How to Optimize Google Chrome for Maximum Privacy

Chrome includes quite a few features that send data to Google’s servers. We don’t recommend you disable all these features, as they do useful things. But, if you’re concerned about the data Chrome sends to Google, we’ll explain what all the various settings do so you can make your own decisions.

If you just want to browse privately without leaving any tracks on your own PC, launch a private browsing window by clicking on Chrome’s Menu and clicking “New incognito Window”.

Choose Which Data Chrome Synchronizes

Chrome automatically synchronizes your browser data to your Google account by default, assuming you’ve signed into Chrome with your Google account. This allows you to access information like your bookmarks and open tabs on other devices you own.

To view and change these sync options, click Menu > Settings.

If you don’t want Chrome to sync any data, click “Disconnect your Google Account” under Sign In. You’ll be able to use Chrome without associating a Google account with your browsing.

If you only want to synchronize some types of data, click “Advanced sync settings” instead. Chrome synchronizes your installed apps, extensions, themes, browser settings, autofill entries, browsing history, bookmarks, saved passwords, open tabs, and saved credit cards by default. You can select “Choose what to sync” and choose which individual types of data you want to sync with your Google account.

If you’d like to sync your data with a little more privacy, select the “Encrypt all synced data with your own sync passphrase” option here. You’ll be able to choose your own passphrase to encrypt your synchronized data, and it will be stored on Google’s servers in an encrypted form. You’ll have to remember a separate sync passphrase and enter it into Chrome on all your devices.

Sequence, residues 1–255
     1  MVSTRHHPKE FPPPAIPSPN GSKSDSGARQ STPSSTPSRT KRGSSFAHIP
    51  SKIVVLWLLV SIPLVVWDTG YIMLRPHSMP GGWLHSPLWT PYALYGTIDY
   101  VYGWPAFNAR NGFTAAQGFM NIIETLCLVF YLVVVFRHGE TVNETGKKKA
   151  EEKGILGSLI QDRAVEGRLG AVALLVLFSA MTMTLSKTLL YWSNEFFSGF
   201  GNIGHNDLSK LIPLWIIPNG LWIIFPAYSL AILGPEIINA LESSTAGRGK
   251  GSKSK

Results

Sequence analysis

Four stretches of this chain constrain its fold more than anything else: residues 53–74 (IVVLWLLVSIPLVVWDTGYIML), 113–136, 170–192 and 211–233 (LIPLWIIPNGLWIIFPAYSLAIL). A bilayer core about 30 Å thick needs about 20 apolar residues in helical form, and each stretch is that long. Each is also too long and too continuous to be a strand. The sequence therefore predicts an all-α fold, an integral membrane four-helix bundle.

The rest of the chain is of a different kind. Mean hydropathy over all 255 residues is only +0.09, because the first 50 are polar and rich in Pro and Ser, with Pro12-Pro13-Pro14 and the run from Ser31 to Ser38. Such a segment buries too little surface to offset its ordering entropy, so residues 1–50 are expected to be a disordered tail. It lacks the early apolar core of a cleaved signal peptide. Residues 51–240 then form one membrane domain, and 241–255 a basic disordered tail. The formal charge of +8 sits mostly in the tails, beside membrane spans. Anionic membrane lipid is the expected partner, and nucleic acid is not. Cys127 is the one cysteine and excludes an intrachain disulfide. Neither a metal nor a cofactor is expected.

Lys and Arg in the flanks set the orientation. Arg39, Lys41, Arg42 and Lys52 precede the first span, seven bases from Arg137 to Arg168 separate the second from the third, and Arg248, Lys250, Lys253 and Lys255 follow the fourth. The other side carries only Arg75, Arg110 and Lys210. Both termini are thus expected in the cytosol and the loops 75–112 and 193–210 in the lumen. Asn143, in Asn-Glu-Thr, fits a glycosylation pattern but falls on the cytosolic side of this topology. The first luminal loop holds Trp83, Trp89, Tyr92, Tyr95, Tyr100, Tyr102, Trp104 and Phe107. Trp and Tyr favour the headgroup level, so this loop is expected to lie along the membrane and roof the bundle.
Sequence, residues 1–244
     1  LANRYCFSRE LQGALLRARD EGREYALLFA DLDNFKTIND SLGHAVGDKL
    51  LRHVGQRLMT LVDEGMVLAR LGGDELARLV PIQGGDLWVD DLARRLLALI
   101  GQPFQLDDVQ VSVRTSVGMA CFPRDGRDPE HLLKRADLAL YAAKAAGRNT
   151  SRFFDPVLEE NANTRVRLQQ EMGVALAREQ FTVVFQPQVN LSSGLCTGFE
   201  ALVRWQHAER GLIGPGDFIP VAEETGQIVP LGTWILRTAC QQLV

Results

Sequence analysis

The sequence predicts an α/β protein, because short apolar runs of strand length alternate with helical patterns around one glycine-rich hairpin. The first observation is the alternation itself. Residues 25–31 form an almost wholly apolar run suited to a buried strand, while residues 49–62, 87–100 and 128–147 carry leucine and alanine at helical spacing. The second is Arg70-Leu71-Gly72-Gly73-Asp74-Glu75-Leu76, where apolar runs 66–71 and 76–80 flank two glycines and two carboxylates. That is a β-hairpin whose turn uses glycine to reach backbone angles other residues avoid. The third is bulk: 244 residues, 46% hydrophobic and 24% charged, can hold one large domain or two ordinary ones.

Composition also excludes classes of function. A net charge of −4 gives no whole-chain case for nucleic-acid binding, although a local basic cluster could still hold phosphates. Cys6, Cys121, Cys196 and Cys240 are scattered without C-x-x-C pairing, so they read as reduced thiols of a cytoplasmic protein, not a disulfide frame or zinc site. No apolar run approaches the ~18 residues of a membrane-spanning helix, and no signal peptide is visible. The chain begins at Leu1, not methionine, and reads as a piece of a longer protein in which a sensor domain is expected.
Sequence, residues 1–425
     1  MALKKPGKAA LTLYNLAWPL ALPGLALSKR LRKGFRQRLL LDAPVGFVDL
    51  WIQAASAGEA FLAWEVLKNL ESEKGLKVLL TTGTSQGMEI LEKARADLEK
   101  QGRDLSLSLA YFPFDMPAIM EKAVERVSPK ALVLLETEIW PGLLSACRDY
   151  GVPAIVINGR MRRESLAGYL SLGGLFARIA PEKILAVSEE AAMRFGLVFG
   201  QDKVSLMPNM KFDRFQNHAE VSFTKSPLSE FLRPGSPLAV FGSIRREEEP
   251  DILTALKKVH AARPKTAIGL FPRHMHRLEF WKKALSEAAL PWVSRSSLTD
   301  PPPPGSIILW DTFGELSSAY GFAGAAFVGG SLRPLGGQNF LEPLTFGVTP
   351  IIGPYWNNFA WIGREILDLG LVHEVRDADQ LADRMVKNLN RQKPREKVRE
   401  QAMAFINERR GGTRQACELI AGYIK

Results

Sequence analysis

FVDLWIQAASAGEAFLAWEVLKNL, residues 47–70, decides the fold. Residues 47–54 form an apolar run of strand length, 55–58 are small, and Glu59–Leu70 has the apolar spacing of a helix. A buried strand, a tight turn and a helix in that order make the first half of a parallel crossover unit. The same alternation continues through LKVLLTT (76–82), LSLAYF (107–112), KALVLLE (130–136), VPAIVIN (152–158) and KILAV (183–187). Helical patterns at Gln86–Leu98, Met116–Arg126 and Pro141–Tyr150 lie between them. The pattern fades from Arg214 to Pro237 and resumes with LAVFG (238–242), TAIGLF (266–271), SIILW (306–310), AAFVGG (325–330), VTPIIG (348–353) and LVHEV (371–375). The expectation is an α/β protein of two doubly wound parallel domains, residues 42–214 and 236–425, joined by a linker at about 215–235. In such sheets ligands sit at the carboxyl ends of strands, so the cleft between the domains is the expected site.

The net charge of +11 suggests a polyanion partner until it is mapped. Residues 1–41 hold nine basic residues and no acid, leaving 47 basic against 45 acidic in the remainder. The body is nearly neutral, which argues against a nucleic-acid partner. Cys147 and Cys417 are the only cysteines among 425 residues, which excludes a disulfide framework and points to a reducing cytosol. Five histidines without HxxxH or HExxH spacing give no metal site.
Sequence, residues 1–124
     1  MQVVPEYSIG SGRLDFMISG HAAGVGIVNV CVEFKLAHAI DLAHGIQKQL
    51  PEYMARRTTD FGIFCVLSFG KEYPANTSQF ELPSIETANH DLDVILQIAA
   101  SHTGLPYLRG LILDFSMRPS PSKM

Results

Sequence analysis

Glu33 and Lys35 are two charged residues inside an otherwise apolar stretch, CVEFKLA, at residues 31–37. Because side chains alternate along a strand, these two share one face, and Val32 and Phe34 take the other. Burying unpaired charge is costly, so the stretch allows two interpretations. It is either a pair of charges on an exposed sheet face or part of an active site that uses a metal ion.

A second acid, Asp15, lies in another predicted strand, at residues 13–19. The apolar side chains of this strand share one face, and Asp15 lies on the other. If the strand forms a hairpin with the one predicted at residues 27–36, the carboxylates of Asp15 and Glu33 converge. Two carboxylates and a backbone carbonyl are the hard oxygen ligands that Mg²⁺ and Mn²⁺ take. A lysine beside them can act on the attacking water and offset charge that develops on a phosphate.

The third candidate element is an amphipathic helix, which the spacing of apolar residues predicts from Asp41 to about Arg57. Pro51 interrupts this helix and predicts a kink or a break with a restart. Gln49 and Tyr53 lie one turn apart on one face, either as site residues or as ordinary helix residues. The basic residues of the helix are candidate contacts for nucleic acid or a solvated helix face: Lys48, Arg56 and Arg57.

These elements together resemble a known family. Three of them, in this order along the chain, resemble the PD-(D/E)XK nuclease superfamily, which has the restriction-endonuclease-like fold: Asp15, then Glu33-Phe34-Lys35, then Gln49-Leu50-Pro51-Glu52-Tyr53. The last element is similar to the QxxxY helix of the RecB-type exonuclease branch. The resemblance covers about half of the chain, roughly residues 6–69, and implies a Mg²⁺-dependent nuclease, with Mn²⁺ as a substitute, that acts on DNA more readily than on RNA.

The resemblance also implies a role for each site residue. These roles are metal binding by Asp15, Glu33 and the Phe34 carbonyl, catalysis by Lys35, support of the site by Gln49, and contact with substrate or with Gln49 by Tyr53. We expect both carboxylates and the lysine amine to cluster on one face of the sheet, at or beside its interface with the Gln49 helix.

Google uses your Chrome browsing history to personalize your search results by default, assuming you’re signed into Chrome with a Google account. If you’d like to disable this but stay signed into Chrome with your Google account, click the “Google Activity Controls” link at the bottom of the Advanced Sync Settings pane. Uncheck the “Include Chrome browsing history and activity from websites and apps that use Google services” checkbox on the web page.

Pick Which Online Services Chrome Uses

To find more privacy-related options, click the “Show advanced settings” link at the bottom of Chrome’s Settings page. Under the Privacy section, choose which options you want to enable or disable.

The checkboxes here control whether Chrome uses various Google services or not. Here’s a quick explanation of each:

  • Use a web service to help resolve navigation errors: When you can’t connect to a web page—for example, if you type a web address wrong—Chrome will send the address of the page to Google and Google will suggest similar addresses you may have meant to type. If you disable this, Chrome won’t send your mistyped addresses to Google.